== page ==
House On The Rock

Why is it so important for us to read God’s Word?

Numerous plans for reading through the Bible in a year are easily found online at the end of each December. I’ll mention some of those in another post, but first ask yourself the question why it is so important to read and be in God’s Word. Your answer is vital in to help you stay in His Word when you start to flag during days of discouragement or busyness.

In my post Romans 15–16: Encouragement & Love I shared how God used Romans 15:4 to give me hope and comfort when I was very discouraged about my handicap of severe hearing loss. In my struggle to trust Him the verse underscored the importance of the Scriptures to give me hope.

For whatever was written in earlier times was written for our instruction, so that through perseverance and the encouragement of the Scriptures we might have hope.
Romans 15:4

When I started Kindling for Candles my family was in the midst of fallout from devastating financial loss. In August 2010 in the post, Steerage, I wrote my first of many posts comparing the Christian life at times to being at sea in a storm. In Steerage I said that when a ship is crippled in naval warfare, it becomes hors de combat or “out of the fight.”1 Its masts broken, with sails shredded and hull or rudder damaged, the ship is at risk of being boarded and taken by the enemy. I said then, and I say it now, God safeguards Christians from becoming hors de combat by His Word, the Bible.

I never expected to have so many posts with nautical themes, but in the Bible storms are a vivid analogy of adversity and our hope is depicted as the anchor of our soul, and so ships and the sea made it into my writing.

The Ninth Wave: Ivan Aivazovsky

The painting above, The Ninth Wave, by Ivan Aivazovsky is his “most famous work and is an archetypal image for the artist. The painting depicts the feared ninth swell, believed by Russian seamen to be the most powerful and destructive.” Click on the image to enlarge it, and you can see the detail of the men clinging to the mast with a rope thrown over one to hold him fast.

After beginning to write here in 2010, the following January I started posting on reading through the Bible in 2011. It was a discipline for me that I knew would keep me writing and keep me in God’s Word. Some of those posts were incredibly difficult to write and there were times I thought I would drown, but through reading the Bible, and writing about it God kept me lashed and held tight to the mast of His Word so I wouldn’t be swept overboard into the sea.

During that time, and there have been times since, that ninth wave broke over me. I was like a crippled ship with broken masts and shredded sails—or a house assaulted by wind and wave. Go back and read some of my old posts and you can tell. The shock of circumstances was piled on top of events of prior years, and the combined impact brought upon me storms of doubt such as I have never before gone through as a Christian.

Over halfway through the Bible, after going through book after book after book—sometimes there were psalms I could hardly bear to read—I came to the final chapters of Luke, and God enabled me to write Luke 23–24: Eyewitnesses & Faith. (I slightly edited it and republished in a later post and in the heading as ‘…the chains of Christ’s love’).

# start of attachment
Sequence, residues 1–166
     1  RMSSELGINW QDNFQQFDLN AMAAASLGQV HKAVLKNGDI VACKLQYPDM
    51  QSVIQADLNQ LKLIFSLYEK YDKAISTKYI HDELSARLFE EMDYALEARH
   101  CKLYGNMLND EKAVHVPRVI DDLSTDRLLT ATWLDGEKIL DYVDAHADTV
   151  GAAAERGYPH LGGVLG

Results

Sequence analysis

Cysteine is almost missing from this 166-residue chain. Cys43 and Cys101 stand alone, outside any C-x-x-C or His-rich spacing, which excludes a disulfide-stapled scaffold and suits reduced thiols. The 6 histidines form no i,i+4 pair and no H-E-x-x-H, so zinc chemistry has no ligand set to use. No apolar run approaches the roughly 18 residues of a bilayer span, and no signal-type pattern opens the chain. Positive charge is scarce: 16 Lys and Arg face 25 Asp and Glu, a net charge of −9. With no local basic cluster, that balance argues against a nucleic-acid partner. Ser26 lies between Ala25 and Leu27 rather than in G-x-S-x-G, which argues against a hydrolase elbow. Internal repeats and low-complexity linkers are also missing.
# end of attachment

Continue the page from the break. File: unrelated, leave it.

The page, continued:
Through His Word, the Holy Spirit comforted my heart and in the midst of my storm strengthened me to trust God. Through His Word, God kept me lashed tight to Him so that I would not drown under the ninth wave.

John Owen wrote:

“Without absolutes revealed from without by God Himself, we are left rudderless in a sea of conflicting ideas about manners, justice, and right and wrong, issuing from a multitude of self-opinionated thinkers. We could never know who God is, how He is to be worshiped, or wherein true happiness lies…”3

In the passage we call the “Sermon on the Mount,” Jesus finished his teaching by telling a story of a devastating storm and flood and two houses.

“Therefore everyone who hears these words of Mine and acts on them, may be compared to a wise man who built his house on the rock. And the rain fell, and the floods came, and the winds blew and slammed against that house; and yet it did not fall, for it had been founded on the rock.
Everyone who hears these words of Mine and does not act on them, will be like a foolish man who built his house on the sand. The rain fell, and the floods came, and the winds blew and slammed against that house; and it fell–and great was its fall.”
When Jesus had finished these words, the crowds were amazed at His teaching; for He was teaching them as one having authority, and not as their scribes.
Matthew 7:24-29

Christ came, not to a place of shelter, but to a shattered and sinful world. We live in that world and we tell His gospel to that world. And sometimes our lives are shattered. The rain falls, the flood comes, the wind blows and slams against us. Reality may rip and roar, but a house built on the solid ground of the Rock will hold.

That’s why it’s important to read His Word.


The Ninth Wave, Ivan Aivazovsky: Public Domain. To see more details of the men as they cling to the mast click the image.
Waves crashing over The North Pier, Tynemouth: FreeFoto.com (Site has been deleted).
1Admiral William Henry Smyth, The Sailor’s Word-Book, 1867.
2“Aivazovsky, I. K. The Ninth Wave. 1850″. Auburn University. Via Wikipedia. Retrieved 29 December 2022.
3John Owen, Biblical Theology: The History of Theology from Adam to Christ, Stephen P. Westcott, translator (Soli Deo Gloria Publications, Grand Rapids MI: 1994) original Latin (Oxford: 1661) xl.

Copyright ©2022 Iwana Carpenter

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